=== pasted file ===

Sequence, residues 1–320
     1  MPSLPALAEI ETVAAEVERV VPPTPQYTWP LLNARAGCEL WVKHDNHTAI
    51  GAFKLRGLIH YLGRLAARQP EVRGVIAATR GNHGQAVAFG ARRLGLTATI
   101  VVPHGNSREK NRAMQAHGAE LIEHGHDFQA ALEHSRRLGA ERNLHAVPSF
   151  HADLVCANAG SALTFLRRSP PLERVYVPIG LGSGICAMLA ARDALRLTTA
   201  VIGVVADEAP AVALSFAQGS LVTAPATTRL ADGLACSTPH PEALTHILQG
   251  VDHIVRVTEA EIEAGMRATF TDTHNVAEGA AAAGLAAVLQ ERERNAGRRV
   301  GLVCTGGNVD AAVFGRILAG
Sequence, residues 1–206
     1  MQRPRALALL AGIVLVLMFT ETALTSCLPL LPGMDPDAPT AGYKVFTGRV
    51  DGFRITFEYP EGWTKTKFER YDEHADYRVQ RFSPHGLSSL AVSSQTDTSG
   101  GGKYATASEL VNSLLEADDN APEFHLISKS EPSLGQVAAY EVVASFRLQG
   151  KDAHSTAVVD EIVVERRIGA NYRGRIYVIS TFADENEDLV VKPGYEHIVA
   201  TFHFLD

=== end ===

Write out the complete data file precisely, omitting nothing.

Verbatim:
Sequence, residues 1–320
     1  MPSLPALAEI ETVAAEVERV VPPTPQYTWP LLNARAGCEL WVKHDNHTAI
    51  GAFKLRGLIH YLGRLAARQP EVRGVIAATR GNHGQAVAFG ARRLGLTATI
   101  VVPHGNSREK NRAMQAHGAE LIEHGHDFQA ALEHSRRLGA ERNLHAVPSF
   151  HADLVCANAG SALTFLRRSP PLERVYVPIG LGSGICAMLA ARDALRLTTA
   201  VIGVVADEAP AVALSFAQGS LVTAPATTRL ADGLACSTPH PEALTHILQG
   251  VDHIVRVTEA EIEAGMRATF TDTHNVAEGA AAAGLAAVLQ ERERNAGRRV
   301  GLVCTGGNVD AAVFGRILAG
Sequence, residues 1–206
     1  MQRPRALALL AGIVLVLMFT ETALTSCLPL LPGMDPDAPT AGYKVFTGRV
    51  DGFRITFEYP EGWTKTKFER YDEHADYRVQ RFSPHGLSSL AVSSQTDTSG
   101  GGKYATASEL VNSLLEADDN APEFHLISKS EPSLGQVAAY EVVASFRLQG
   151  KDAHSTAVVD EIVVERRIGA NYRGRIYVIS TFADENEDLV VKPGYEHIVA
   201  TFHFLD